Harnessing the Political Power of Words

    Presidential candidates know that it’s not just what you say, but how you say it. Advisers and speechwriters shape their statements for maximum effect.

  • Activity

    Use ‘War of the Worlds’ to Teach Media Literacy

    This classroom activity features the classic 1938 “War of the Worlds” radio broadcast, which will help your students focus on their role as media consumers and understand that the problem of "fake news" is not entirely new.

  • Case Study

    Watergate: ‘Deep Throat’ and Anonymous Sources

    Decades after the Watergate scandal, Mark Felt publicly revealed that he was the mysterious "Deep Throat” who guided Post reporters in their investigation. We offer a case study that examines the reliance on a source who insists on not being identified.

  • Case Studies

    How Much Is Too Much?

    The murder of a TV news team raises important ethical questions. To help your students explore issues about content use and sources during a tragedy, NewseumED offers two related classroom-ready case studies.

  • Activity

    Media Ethics: Scenarios

    This activity helps students apply journalism standards of accuracy, fairness and clarity in deciding how to report the news.

  • Activity

    Photo Ethics: The Breakfast Rule

    This case study debates what types of news photographs are appropriate to publish as journalists strive to be fair, accurate and clear.

  • Activity

    Choose the News: My Local News

    Students learn how to conduct historical and oral research in their communities to discover how the news reflects the readership’s interests.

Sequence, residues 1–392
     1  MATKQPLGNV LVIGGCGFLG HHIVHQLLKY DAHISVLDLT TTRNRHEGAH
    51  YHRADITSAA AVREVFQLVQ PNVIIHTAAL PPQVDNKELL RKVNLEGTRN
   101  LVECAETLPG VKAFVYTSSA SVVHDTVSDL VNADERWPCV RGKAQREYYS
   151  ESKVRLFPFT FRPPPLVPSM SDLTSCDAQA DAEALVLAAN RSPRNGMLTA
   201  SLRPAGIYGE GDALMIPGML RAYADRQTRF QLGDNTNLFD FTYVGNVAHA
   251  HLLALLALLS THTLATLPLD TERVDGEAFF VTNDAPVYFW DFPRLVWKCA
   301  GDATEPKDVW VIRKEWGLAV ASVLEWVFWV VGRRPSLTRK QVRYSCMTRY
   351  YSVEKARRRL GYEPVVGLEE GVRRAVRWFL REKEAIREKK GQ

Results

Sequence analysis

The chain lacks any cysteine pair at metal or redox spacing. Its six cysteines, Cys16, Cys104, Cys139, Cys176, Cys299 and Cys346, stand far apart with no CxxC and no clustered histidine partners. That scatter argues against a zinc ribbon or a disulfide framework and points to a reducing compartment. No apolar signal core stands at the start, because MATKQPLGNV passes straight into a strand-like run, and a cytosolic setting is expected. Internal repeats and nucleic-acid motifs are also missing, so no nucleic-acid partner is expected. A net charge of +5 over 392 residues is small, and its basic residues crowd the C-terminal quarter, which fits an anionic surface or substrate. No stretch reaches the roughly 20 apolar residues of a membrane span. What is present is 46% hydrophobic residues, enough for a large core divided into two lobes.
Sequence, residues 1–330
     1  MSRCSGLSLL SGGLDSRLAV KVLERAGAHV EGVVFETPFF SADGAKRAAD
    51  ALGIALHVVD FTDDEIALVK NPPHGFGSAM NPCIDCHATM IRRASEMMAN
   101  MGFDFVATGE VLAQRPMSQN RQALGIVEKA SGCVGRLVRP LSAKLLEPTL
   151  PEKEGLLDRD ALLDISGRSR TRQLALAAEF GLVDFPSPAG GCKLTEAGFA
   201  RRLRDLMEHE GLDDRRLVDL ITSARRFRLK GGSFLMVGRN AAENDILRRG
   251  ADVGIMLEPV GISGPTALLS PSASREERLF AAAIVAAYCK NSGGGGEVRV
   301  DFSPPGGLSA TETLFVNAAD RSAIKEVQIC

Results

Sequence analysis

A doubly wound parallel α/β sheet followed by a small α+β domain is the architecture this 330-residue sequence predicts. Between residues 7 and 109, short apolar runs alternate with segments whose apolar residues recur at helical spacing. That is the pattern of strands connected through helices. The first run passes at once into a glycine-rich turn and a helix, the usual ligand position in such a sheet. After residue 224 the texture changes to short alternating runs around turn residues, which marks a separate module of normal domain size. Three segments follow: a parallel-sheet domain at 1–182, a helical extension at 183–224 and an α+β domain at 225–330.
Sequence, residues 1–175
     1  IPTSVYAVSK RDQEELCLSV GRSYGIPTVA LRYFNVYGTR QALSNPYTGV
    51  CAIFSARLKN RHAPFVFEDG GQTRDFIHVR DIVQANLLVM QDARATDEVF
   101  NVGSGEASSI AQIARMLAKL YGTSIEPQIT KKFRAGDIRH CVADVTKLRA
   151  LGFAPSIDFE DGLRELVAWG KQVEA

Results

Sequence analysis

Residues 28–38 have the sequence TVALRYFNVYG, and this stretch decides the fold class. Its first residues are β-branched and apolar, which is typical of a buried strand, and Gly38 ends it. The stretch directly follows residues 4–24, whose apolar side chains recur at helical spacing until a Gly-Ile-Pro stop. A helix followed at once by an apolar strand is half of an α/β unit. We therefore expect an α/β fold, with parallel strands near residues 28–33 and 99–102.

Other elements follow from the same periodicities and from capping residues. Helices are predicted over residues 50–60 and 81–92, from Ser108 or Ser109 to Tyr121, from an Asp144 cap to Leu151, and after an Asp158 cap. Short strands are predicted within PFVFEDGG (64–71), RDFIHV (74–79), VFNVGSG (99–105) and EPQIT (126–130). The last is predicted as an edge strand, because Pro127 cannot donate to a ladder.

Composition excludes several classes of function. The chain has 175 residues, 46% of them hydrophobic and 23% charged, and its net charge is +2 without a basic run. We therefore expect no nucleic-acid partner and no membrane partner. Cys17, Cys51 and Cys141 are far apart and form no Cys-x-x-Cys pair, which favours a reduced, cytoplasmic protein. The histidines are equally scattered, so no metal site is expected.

• Activity

    Photo Ethics: Diversity

    This case study explores a photojournalist’s ethical duty to be fair, accurate and clear.

  • Case Study

    Going for the Jugular

    It happens sooner or later in every presidential race: attack ads drown out the promises of positive campaigns. Do these dark battles have any value?

  • Case Study

    Staging Spectacles to Win Votes

    Running for president is a lot like putting on a show. As candidates tour across the country, they stage carefully choreographed events in hopes of impressing voters.

  • Case Study

    Unabomber: Giving a Killer a Voice

    As our FBI exhibit reopens with a focus on fighting crime in the age of terror, we offer a case study that explores the ethics of publishing the Unabomber’s manifesto.

  • Lesson

    Civil Rights: Reporting Out

    Students prepare for a lifelong practice of civic engagement by identifying, analyzing and reporting about a contemporary civil rights issue.

  • Activity

    ‘Sources’ Video Lesson

    Five journalists look at the use of anonymous sources and the impact they have on the public’s perception of the news media.

  • Guest Blog

    Reading Headlines: Recognizing Media Influence

    A summer institute alum provides a lesson designed to help students think about how we read news, how that news influences our world view, and how to recognize bias both in ourselves and in the media.

EDTools

Incorporate NewseumED resources in your classroom or enrich your research project with rare, hi-res primary sources.

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Request a class or workshop to get personalized instruction from Newseum Education staff.

EDCollections

Dive into specially curated collections of primary sources and lessons on civil rights, women's suffrage and more.